Get us in your inbox

Patty Lee

Patty Lee

Articles (7)

The best fast food restaurants in the US

The best fast food restaurants in the US

Just because it's called 'fast food' doesn't mean it has to be 'inferior food.' From iconic originals like Taco Bell’s burrito-quesadilla hybrid Quesarito to reliable standards like a simple fresh-made burger, fast food restaurants offer an array of hand-held goodies that will satisfy your hunger fast. Now more than ever, the options are dizzying, and no matter where you live you likely have dozens of options within a short drive. Perhaps you seek out the absolute best restaurants in America, be it Mexican, Italian, French or some other cuisine type. But sometimes there’s nothing better than a pit stop at one of the best fast food restaurants in the country. Whether hitting up the drive-thru for a quick meal or a hangover cure, there are many worthy occasions when fast food eats (including burger joints, chicken chains, Americanized Mexican spots and other fast food favorites) are the way to go. So which fast food chain is the best? Here are our favorites, and you’re sure to find one in your neighborhood. If not, start planning your next road trip so you can visit these spots along the way while checking out the best places to visit in the US (and if you can find a good fast food joint, our list of the best gas station snacks will help). RECOMMENDED: The best burgers in America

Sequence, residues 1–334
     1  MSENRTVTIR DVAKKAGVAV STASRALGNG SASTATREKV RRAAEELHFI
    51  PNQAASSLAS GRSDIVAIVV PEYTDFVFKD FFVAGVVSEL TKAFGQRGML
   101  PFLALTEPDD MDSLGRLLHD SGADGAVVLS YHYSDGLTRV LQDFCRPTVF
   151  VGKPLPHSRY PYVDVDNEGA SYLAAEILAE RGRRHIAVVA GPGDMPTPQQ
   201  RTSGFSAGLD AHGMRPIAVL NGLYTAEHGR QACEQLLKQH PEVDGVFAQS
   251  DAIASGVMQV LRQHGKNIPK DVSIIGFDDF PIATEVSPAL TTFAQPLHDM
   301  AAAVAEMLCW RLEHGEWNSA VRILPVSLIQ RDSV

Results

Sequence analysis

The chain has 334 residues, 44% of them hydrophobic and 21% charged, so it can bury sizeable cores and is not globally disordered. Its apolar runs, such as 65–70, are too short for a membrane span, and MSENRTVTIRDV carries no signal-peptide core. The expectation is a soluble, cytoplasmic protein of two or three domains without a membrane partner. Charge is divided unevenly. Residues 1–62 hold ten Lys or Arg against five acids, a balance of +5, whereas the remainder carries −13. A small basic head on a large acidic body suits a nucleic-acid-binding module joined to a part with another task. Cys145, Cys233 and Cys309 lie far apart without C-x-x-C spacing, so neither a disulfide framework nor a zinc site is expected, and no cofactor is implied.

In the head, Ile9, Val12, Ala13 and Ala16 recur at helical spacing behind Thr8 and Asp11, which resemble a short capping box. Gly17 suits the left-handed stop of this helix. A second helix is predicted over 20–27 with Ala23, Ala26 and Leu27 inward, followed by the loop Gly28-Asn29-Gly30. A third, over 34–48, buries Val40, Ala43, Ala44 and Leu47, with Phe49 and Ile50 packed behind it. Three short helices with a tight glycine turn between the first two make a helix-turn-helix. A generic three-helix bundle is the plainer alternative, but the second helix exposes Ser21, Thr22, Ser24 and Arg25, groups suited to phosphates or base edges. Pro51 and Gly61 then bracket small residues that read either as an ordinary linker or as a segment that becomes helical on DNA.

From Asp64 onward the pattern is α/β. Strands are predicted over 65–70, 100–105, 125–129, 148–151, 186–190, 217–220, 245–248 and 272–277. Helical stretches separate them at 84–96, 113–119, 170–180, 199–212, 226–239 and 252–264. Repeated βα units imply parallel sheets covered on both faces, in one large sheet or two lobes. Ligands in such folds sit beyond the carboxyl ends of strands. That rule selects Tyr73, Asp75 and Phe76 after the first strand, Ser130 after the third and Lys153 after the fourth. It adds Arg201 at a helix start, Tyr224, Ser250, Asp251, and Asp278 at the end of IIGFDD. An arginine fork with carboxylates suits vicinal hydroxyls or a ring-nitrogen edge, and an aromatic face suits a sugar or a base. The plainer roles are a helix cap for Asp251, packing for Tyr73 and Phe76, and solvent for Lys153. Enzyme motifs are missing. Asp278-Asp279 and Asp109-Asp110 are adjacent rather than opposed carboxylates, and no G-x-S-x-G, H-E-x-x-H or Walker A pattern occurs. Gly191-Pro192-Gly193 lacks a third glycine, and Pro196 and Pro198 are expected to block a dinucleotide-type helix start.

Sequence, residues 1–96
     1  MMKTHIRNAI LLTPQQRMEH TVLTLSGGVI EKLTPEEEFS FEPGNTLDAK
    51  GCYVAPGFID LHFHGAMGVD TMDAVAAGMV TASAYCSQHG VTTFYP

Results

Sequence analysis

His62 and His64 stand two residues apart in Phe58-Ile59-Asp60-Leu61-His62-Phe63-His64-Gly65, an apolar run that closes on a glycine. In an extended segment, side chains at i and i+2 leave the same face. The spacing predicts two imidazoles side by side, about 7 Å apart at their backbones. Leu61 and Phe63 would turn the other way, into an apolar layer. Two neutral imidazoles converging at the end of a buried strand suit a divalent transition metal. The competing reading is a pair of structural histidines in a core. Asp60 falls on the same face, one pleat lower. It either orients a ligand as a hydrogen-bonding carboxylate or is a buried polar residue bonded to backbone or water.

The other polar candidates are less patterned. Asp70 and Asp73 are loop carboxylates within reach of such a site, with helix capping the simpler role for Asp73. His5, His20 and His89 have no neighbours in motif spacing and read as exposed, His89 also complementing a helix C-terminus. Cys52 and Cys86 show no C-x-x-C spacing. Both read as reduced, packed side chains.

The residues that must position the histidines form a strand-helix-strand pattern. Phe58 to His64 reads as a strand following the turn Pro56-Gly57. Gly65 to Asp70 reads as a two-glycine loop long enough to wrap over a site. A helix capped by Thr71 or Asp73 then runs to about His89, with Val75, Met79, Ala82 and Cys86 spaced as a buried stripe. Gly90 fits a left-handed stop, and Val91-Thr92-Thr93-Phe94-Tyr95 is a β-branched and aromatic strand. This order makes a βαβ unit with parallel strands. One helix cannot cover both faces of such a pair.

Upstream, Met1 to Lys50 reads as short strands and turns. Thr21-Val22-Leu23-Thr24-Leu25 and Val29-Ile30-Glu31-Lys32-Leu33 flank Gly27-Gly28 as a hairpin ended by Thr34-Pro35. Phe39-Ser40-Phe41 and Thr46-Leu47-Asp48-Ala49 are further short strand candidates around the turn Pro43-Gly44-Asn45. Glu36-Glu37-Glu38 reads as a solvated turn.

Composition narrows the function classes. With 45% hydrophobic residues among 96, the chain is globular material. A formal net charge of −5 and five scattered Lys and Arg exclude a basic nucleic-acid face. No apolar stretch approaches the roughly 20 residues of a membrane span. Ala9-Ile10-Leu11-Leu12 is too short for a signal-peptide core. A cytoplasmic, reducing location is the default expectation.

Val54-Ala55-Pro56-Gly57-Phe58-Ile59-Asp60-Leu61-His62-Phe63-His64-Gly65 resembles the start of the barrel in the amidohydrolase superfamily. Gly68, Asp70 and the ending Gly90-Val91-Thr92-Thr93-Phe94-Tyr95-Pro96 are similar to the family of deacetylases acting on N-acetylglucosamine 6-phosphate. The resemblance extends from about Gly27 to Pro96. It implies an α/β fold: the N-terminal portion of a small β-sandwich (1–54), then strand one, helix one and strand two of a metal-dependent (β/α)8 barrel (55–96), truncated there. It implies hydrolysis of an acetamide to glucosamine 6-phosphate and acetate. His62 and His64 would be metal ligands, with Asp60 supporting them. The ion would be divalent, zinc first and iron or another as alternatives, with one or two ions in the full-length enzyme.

The best cookies in the US

The best cookies in the US

Let's face facts, the cookie is as critical to American culture as apple pie. They may not be the fanciest of sweets, but a good cookie can easily outshine any dessert du jour. Like other all-American favorites (check out America’s best donuts and best pies), this sumptuous, sweet-tasting biscuit has the power to both comfort and delight. Luckily for candy junkies in search of the very best cookies in the US, bakeries and coffee shops from coast to coast are answering the call for copious cookie quantities by inventing all manner of new and fanciful flavors. So grab a big glass of milk – the classic complement – and become a cookie connoisseur with our exhaustive guide to all that's available.

10 unique tours to explore the country

10 unique tours to explore the country

As anyone who has wandered aimlessly through a museum knows, sometimes a tour is actually a good idea. Finding a truly interesting one, however, is the hard part. We want exciting sights, guides with insider knowledge and, most of all, guaranteed fun. Lucky for vacationers across the country, those tours actually exist—whether you’re making your way through the best art museums in America, embarking on the best cheap family vacations or seeking adventures while exploring the best honeymoon destinations in the US, here are 10 tours to add to your itinerary.